29. Database Instance • Set of extents for each class in the schema • Each object in the extent of a class must have the type of that class, i.e., it must belong to the domain of the type • Each object in the database must have unique oid • The extents must satisfy the constraints of the database schema

  30. Object-Relational Data Model • A straightforward subset of CODM: only tuple types at the top level • More precisely: • Set of classes, where each class has a tuple type (the types of the tuple component can be anything) • Each tuple is an object of the form (oid, tuple-value) • Pure relational data model: • Each class (relation) has a tuple type, but • The types of tuple components must be primitive • Oids are not explicitly part of the model – tuples are pure values

  31. The ODMG Standard • ODMG 3.0 was released in 2000 • Includes the data model (more or less) • ODL: The object definition language • OQL: The object query language • A transaction specification mechanism • Language bindings: How to access an ODMG database from C++, Smalltalk, and Java (expect C# to be added to the mix)

  32. The Structure of an ODMG Application

  33. Main Idea: Host Language = Data Language • Objects in the host language are mapped directly to database objects • Some objects in the host program are persistent. Thinkof them as “proxies” of the actual database objects.Changing such objects (through an assignment to an instance variable or with a method application) directly and transparently affects the corresponding database object • Accessing an object using its oid causes an “object fault” similar to pagefaults in operating systems. This transparently brings the object into the memory and the program works with it as if it were a regular object defined, for example, in the host Java program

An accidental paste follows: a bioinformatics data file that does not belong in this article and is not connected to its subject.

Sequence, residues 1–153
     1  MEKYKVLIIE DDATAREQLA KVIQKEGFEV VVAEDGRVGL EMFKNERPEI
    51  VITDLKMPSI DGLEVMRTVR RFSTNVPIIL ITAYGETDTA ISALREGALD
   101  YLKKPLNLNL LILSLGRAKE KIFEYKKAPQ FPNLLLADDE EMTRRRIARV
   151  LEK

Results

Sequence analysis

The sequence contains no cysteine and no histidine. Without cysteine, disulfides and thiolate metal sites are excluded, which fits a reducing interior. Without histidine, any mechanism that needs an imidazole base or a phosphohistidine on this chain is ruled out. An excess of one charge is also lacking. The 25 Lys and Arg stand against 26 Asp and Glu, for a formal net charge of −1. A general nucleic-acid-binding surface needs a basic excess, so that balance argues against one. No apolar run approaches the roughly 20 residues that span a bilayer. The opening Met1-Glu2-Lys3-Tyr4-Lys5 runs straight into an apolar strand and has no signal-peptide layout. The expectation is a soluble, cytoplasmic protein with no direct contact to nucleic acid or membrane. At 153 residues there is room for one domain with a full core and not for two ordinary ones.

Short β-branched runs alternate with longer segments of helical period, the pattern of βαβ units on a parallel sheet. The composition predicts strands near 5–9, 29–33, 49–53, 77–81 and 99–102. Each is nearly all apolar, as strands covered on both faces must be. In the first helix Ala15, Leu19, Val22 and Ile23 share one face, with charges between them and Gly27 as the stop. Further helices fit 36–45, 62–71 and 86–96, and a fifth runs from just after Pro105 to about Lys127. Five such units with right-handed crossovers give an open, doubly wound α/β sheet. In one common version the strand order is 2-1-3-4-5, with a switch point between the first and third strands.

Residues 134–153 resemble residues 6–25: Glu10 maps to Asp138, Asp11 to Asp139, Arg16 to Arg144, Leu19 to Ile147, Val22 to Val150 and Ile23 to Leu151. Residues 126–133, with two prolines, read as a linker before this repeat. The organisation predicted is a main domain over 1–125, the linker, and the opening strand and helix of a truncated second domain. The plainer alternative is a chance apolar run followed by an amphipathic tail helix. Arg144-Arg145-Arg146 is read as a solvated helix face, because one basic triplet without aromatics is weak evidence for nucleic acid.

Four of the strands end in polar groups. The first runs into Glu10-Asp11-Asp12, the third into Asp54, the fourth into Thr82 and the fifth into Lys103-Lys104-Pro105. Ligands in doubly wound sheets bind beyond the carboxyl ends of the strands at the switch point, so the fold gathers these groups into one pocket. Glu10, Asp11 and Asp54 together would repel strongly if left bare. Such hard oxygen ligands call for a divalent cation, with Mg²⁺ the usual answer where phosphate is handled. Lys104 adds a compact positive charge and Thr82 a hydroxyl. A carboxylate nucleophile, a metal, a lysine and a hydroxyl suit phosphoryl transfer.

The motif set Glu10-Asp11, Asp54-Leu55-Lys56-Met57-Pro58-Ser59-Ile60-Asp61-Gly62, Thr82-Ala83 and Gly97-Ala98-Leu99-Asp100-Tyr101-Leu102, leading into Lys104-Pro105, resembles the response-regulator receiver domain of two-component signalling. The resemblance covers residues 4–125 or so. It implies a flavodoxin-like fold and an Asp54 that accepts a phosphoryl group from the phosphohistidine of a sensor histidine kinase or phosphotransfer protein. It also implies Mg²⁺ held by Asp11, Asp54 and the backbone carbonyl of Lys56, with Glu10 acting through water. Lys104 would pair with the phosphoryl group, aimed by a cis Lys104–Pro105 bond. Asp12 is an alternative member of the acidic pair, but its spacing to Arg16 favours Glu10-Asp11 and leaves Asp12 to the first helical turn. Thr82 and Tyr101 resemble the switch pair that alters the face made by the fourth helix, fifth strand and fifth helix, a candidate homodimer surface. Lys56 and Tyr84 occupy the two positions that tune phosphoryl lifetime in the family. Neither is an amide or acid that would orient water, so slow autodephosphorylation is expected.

34. Architecture of an ODMG DBMS

  35. SQL Databases vs. ODMG • In SQL: Host program accesses the database by sending SQL queries to it (using JDBC, ODBC, Embedded SQL, etc.) • In ODMG: Host program works with database objects directly • ODMG has the facility to send OQL queries to the database, but this is viewed as an impedance mismatch evil doer, a misfeature

  36. ODL: ODMG’s Object Definition Language • Is rarely used, if at all! • Relational databases: SQL is the only way to describe data to the DB • ODMG databases: can do this directly in the host language • Why bother to develop ODL then? • Problem: Making database objects created by applications written in different languages (C++, Java, Smalltalk) interoperable • Object modeling capabilities of C++, Java, Smalltalk are very different. • How can a Java application access database objects created with C++? • Hence: Need a reference data model, a common target to which to map the language bindings of the different host languages • ODMG says: Applications in language A can access objects created by applications in language B if these objects map into a subset of ODL supported by language A